Is a Ball Python a good pet? For me, yes. But it really depends on what kind of pet you want, and how much patience you have. Keep reading to find out why…
A Ball Python is a great pet. These snakes are docile, hardy, medium-sized and long-lived. Overall, they’re one of the most popular pet reptiles available, and one of the best beginner snakes. Notwithstanding, they do have a couple of drawbacks. For some reptile enthusiasts, Corn Snakes may still be a better choice.
Are Ball Pythons good pets for beginners?
Ball pythons are definitely one of the best pet snakes for beginners. I say this because they’re friendly (or indifferent) and have easy care requirements.
You can house one of these snakes in a plastic tub and spend a grand total of around $100 to make them a complete set up. Or you can make them a more elaborate, decorative setup in a PVC enclosure or vivarium.
Either way, they’ll thrive as long as you do a few simple things right:
- make sure they have enough places to hide
- maintain suitable temperature
- maintain suitable humidity.
- clean them out regularly
- buy them quality food from a reputable supplier
In fact, these snakes are low cost and low maintenance pets. With proper care, they can easily live to twenty years old or more. Some of them have even lived to over forty!
Nonetheless, Ball Pythons do have a couple of drawbacks. There’s no denying this, even though they’re my favourite snake species.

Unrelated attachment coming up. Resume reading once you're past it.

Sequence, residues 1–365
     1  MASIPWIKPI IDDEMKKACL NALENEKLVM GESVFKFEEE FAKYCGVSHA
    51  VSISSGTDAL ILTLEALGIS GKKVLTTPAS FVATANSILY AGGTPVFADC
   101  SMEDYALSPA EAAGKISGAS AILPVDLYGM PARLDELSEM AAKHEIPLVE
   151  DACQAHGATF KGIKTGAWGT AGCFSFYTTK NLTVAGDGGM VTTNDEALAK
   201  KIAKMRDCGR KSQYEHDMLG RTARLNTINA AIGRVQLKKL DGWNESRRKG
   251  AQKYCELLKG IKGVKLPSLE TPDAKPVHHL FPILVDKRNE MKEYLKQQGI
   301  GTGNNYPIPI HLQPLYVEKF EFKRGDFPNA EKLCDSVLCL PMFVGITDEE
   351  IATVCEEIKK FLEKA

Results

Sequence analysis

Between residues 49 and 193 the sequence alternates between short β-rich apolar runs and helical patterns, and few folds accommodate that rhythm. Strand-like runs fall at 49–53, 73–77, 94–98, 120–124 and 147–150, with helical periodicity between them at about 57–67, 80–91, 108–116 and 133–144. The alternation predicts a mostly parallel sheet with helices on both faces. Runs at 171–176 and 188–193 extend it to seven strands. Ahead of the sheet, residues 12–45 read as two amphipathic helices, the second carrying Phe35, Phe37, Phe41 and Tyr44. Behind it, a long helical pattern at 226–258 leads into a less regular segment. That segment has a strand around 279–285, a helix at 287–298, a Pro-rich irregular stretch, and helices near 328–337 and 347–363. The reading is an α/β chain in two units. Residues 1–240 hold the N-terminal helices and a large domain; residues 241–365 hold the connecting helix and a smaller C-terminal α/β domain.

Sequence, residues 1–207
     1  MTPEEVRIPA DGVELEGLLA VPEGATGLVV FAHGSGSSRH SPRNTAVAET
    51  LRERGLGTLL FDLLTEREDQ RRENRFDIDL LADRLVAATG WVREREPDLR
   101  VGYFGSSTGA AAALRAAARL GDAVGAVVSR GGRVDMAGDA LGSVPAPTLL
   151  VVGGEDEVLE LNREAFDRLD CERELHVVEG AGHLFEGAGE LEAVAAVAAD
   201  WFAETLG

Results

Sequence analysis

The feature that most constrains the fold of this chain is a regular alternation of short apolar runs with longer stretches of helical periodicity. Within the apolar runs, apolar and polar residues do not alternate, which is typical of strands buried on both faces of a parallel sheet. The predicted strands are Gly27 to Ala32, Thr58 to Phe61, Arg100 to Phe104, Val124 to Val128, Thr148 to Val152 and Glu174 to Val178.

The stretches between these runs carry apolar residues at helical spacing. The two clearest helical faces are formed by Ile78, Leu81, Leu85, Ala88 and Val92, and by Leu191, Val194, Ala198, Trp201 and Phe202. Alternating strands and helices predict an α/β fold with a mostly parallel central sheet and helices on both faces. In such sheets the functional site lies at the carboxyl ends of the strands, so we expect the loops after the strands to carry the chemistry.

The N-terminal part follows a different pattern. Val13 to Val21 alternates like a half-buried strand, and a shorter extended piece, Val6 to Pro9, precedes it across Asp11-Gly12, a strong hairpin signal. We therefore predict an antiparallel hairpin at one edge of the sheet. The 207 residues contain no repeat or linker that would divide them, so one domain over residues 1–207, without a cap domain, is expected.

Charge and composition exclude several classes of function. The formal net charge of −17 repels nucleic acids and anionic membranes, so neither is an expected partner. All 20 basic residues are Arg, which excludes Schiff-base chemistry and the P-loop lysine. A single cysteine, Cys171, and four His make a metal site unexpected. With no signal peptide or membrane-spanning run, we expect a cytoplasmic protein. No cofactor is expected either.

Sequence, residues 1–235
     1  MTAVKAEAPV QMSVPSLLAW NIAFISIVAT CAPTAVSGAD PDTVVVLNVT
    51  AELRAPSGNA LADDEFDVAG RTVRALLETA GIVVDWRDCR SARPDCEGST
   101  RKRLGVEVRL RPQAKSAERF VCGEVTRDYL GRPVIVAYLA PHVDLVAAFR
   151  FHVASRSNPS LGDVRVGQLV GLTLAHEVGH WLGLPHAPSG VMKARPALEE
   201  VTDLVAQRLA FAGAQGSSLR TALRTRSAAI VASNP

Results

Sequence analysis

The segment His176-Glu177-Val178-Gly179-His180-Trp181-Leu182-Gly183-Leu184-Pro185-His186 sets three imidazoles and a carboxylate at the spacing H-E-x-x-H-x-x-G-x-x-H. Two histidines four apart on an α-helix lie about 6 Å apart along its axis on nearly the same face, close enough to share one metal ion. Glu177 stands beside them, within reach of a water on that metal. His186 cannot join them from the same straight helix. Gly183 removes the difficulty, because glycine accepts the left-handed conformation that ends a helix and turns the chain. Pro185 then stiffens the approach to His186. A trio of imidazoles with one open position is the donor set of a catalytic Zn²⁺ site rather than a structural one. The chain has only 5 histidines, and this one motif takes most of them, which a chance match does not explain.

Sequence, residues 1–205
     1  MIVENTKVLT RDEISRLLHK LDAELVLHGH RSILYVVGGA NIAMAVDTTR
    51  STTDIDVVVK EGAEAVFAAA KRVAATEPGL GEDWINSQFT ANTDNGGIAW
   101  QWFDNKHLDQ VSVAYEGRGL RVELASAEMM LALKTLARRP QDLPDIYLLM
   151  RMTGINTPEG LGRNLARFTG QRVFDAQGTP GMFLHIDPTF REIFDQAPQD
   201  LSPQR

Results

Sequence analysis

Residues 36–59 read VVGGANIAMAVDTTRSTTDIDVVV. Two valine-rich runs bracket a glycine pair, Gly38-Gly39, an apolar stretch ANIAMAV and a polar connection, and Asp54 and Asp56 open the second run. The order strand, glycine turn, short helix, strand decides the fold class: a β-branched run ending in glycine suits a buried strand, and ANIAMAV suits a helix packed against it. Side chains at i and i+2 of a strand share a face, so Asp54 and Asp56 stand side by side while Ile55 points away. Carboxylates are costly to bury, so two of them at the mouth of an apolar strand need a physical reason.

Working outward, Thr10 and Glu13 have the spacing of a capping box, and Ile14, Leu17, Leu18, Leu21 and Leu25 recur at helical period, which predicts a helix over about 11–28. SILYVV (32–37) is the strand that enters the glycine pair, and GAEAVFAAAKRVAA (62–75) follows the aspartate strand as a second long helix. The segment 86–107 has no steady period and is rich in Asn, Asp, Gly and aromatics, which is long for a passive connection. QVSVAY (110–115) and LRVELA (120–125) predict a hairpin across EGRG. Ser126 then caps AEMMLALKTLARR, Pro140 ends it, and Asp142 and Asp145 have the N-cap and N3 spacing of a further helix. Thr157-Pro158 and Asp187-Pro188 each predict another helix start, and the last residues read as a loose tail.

Their two main drawbacks are that they are shy, and that they can occasionally can on prolonged fasts. These two points can make them frustrating to keep. If you want a pet that you can observe during the day, a Ball Python is not it. Many of them simply don’t come out before dusk.
As for the fasting, this doesn’t do them any harm, but it can be extremely frustrating to have an animal flat out refuse to eat for three months every year!
Are pythons good pets?
Pythons in general are excellent pets. They’re born survivors, and many of them are extremely docile too. In captivity, this translates to an animal that will readily accept farm-bred rodents or chickens as food and will become as tame as a Labrador.
In fact, there’s only a few species of python that I would consider a little tricky, like the two species of Green Tree Python, Morelia viridis and Morelia azurea. These two both get a little more finicky about humidity, though I still wouldn’t consider them to be difficult to keep.
Overall, the problem with pythons is that a lot them just get too big. Burmese, Reticulated, Indian, Scrub, and African Rock pythons can all get over 12ft long (3.6m).
This is where Ball Pythons come in. They have the amazing, laid-back python temperament and chunky python proportions, all the while reaching a very manageable adult size. More on this in the next section…
Ball Python Size
Average fully grown size for this species is about 3-3.5ft (90-106cm) for males and 3.5-4.5ft (106-137cm) for females.
As far as weight goes, most adult males weigh 1200-1800g and adult females weigh 1800-3000g. Obviously, this varies a lot depending on their body condition – so take these numbers as broad guidelines only. You could have a perfectly healthy adult female weighing only 1500g, or an unusually large male weighing over 2000g.